… as a real estate expert warns of a coming storm


Demand for low-cost accommodation has gone up since the outbreak of COVID-19 last year, the Real Estate Institute of Botswana (REIB) has revealed.

In an interview with The Botswana Gazette, the president of the REIB, Isaac Molefinyana, said the State of Public Emergency, which sprang directly from the pandemic, is another factor in the growing demand for low-cost accommodation.

REIB has observed a trend in which people are relocating from high-income houses to low-income houses owing to economic hardships experienced since the outbreak of the virus.

“The market is still shifting slowly and the storm is coming,” he said. “The immediate impact we saw is only on the high end property where the market was affected instantly. But the shift in middle and low-income is not yet visible because people have now occupied low-income houses.”

This means that competition for middle and low-income houses is intensifying, Molefinyana noted. He pointed out that the real estate space expects a further shift after April when the government’s recent decision to increase and broaden VAT will be implemented.

“We are expecting significant changes within the real estate space because prices of building materials in South Africa have just gone up, for instance,” he said. “On the other hand, estate owners cannot increase rentals.”

He noted that estate owners cannot evict tenants for defaulting on their rentals under the State of Public Emergency while some tenants are losing their jobs, resulting in re-negotiation of rental prices. At the same time, the cost of maintenance is on the rise at a time when tenant retention is low.

Molefinyana said the advent of COVID-19 has made things so difficult for estate owners that people thinking of venturing into high-income real estate are forced to devise innovative ways, such as provision of free Internet services, in order to attract clientele.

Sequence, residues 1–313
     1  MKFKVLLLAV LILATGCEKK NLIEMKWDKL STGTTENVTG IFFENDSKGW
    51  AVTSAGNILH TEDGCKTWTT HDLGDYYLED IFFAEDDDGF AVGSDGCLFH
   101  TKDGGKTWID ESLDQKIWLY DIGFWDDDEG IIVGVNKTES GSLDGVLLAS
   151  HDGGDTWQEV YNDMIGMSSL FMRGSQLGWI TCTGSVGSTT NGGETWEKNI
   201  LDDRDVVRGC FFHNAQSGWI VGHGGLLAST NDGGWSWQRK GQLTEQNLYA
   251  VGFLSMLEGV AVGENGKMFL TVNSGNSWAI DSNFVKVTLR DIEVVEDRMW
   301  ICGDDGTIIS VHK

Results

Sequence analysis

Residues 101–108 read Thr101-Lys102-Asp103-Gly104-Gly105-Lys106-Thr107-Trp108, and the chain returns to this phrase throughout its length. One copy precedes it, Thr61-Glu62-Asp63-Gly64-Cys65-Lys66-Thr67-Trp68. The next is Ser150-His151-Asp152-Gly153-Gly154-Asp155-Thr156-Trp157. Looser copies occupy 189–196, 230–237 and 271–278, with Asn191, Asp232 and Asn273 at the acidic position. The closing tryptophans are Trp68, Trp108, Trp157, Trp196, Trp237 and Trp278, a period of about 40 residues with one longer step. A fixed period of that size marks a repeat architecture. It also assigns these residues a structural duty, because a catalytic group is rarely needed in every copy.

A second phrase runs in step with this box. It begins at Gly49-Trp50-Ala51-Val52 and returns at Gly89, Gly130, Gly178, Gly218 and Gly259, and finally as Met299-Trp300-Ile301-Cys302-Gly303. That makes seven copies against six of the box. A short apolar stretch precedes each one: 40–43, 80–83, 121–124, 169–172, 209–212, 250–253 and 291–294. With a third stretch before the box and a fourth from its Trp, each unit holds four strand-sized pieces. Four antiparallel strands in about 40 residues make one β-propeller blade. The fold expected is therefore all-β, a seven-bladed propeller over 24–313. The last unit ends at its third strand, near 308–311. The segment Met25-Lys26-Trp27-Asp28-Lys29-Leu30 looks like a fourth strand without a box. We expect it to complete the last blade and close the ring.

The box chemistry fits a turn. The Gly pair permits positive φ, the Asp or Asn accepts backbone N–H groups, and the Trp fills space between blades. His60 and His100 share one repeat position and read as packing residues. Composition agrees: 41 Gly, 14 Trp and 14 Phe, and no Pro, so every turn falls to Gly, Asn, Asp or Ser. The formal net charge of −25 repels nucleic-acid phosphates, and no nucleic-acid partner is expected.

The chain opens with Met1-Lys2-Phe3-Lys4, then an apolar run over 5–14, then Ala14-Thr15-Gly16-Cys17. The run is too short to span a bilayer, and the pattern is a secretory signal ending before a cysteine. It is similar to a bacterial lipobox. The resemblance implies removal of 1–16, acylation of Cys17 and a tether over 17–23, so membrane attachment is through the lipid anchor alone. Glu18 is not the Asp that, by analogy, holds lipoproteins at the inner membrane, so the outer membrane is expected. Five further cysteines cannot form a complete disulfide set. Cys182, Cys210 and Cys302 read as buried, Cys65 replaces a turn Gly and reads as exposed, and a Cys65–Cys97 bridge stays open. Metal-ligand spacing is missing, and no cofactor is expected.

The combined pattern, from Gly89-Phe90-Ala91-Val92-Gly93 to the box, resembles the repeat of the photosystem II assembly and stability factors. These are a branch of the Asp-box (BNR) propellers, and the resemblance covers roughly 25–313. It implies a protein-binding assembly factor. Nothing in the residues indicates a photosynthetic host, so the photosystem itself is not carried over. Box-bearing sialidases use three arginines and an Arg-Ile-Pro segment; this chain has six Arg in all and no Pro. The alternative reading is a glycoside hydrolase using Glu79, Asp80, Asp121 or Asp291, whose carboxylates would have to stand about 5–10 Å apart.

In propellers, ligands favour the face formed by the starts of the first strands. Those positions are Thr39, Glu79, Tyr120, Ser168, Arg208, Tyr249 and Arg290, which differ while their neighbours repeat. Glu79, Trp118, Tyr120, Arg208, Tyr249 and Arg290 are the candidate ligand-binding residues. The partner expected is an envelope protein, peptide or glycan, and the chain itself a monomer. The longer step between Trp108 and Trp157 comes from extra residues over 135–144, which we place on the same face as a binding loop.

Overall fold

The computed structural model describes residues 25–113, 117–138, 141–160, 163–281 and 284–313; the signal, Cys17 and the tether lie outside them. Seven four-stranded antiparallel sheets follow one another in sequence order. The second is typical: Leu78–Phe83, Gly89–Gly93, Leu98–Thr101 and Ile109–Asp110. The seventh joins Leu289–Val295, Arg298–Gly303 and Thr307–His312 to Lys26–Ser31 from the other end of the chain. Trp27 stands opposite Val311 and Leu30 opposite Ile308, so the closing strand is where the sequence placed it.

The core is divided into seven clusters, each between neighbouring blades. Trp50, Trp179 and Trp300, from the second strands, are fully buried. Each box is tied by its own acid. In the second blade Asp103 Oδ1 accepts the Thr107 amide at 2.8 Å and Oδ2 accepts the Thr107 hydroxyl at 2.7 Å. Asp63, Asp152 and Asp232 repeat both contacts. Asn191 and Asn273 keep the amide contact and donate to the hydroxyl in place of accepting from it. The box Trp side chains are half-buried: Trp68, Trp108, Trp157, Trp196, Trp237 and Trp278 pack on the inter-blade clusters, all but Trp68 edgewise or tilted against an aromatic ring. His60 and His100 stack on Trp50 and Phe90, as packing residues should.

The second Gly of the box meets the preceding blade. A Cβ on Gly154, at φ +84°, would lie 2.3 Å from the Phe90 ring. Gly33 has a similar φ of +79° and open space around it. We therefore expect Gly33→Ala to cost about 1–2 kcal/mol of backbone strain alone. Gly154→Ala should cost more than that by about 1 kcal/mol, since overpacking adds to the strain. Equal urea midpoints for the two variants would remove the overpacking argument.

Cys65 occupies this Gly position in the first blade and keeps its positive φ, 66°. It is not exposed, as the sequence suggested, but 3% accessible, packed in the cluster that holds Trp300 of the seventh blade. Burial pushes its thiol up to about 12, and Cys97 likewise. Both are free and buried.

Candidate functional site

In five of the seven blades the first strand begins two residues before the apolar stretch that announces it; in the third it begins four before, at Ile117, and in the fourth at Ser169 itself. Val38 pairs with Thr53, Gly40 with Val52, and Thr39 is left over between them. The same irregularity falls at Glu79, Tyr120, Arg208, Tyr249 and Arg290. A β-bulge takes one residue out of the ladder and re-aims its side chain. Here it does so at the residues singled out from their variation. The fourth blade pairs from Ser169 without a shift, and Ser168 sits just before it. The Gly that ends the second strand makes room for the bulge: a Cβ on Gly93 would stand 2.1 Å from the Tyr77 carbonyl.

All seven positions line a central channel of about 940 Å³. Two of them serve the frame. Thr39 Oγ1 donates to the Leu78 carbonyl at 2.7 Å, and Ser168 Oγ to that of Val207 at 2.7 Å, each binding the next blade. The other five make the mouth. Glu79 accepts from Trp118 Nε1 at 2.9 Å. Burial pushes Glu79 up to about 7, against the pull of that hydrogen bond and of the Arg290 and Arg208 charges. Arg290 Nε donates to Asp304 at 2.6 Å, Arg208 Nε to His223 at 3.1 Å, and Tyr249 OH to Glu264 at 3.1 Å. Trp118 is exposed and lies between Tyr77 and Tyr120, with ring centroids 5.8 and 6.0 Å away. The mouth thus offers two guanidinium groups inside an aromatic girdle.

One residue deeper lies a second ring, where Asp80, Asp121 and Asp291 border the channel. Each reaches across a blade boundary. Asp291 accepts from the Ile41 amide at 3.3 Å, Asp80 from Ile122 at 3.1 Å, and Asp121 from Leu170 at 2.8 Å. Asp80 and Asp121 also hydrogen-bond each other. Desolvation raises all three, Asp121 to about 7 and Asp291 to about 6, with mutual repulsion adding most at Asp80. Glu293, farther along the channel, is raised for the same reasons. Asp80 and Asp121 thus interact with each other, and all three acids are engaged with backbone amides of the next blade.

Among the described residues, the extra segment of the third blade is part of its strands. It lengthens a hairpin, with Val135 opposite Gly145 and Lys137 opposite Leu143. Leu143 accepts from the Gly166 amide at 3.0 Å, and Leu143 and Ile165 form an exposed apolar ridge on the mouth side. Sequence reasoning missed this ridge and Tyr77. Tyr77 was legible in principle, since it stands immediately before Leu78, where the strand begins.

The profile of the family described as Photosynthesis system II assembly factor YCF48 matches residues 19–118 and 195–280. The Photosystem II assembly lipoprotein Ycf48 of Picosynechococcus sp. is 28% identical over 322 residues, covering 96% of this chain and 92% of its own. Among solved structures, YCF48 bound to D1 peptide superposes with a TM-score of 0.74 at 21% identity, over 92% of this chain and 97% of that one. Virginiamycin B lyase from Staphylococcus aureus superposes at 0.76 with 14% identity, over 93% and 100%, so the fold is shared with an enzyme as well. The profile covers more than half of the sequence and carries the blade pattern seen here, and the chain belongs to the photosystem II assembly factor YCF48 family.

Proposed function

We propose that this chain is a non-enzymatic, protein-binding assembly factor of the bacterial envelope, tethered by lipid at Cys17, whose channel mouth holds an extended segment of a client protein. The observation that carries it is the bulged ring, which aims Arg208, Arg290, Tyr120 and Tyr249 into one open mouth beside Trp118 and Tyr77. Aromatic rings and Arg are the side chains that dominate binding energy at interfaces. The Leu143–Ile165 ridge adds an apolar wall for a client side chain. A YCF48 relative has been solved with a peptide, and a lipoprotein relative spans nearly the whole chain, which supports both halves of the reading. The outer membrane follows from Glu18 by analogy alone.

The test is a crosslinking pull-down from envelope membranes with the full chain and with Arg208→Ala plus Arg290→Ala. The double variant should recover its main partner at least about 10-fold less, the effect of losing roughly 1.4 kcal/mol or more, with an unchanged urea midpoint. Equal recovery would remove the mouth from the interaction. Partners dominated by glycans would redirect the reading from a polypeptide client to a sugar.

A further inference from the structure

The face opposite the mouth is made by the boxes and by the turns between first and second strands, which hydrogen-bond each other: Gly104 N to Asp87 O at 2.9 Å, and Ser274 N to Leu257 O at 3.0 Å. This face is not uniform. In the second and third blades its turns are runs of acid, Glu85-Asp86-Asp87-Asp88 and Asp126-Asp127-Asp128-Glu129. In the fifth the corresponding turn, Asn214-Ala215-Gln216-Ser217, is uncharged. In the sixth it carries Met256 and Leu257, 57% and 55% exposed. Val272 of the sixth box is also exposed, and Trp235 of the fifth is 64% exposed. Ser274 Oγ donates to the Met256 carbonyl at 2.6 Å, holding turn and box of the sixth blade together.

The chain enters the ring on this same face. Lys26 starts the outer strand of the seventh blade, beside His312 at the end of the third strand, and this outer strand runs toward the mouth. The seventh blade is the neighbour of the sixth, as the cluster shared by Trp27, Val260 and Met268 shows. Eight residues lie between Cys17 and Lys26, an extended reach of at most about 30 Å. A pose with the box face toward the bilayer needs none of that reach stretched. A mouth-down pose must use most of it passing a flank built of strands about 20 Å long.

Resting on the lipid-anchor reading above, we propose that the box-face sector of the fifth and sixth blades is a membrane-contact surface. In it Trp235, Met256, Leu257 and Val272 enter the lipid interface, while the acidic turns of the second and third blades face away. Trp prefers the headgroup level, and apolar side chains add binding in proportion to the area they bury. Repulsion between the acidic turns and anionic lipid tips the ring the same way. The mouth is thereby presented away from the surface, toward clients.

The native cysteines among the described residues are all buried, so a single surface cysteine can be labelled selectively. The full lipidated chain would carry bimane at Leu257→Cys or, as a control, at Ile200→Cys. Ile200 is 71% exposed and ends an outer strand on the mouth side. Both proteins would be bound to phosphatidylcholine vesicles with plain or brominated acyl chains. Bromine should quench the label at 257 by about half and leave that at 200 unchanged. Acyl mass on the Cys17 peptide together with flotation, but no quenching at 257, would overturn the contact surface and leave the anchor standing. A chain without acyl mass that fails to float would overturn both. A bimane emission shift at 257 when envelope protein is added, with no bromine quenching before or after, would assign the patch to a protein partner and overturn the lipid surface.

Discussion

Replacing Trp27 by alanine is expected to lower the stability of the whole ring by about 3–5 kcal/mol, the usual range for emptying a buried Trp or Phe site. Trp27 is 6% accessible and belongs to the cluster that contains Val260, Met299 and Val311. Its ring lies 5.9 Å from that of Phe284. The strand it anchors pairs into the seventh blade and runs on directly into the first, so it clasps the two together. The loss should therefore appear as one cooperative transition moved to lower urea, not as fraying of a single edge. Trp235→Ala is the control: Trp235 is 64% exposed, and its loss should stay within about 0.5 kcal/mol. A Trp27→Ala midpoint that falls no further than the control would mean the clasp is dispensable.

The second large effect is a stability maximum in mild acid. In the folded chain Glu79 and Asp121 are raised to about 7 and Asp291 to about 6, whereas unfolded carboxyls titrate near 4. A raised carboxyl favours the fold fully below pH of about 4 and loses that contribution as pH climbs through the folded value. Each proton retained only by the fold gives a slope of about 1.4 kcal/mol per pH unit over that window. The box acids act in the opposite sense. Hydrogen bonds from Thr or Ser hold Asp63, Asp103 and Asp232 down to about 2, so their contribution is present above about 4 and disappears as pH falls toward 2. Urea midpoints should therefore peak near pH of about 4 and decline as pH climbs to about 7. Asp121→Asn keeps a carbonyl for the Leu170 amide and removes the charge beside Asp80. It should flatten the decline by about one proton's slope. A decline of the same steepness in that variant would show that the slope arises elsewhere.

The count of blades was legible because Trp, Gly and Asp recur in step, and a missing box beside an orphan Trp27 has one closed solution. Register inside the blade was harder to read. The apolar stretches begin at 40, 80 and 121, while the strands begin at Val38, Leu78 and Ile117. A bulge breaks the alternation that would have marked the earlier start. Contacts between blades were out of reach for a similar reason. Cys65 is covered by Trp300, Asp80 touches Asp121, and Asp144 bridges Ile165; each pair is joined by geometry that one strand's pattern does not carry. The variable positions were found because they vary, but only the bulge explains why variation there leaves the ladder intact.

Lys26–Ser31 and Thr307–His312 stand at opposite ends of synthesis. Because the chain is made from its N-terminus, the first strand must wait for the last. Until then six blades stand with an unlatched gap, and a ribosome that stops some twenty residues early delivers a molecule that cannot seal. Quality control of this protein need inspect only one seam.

Meanwhile, one recent occupant of a low-income house in Gaborone, Kago Mogomotsi, says he has been compelled to vacate a P5 000 per month house and move into a P2 500 per month house. “I am on half pay and cannot afford more P2 500 in rent,” Mogomotsi told The Botswana Gazette. “I moved at the beginning of the year because I also have debts. Everything has gone up.”

A government employee who preferred anonymity said he would be vacating his two-bedroom Botswana Housing Corporation (BHC) house for which rent has shot up to P3 500 per month from P1 500 per month. “I work as a driver and I have a family to cater for,” the man said. “I have had to tender a notice and look for a cheaper house and will probably find one in one of the high-density townships.”

Growth in demand for low-income houses has coincided with a BHC rental hike that will effect on 1st April. The housing parastatal has argued that its rental increases were long overdue because it had last adjusted rentals in 2004.

Meanwhile, Parliament rejected a motion to defer the BHC rental increases for a year in light of widespread economic distress resulting from the COVID-19 pandemic, taking the housing parastatal’s view that the increases were long overdue.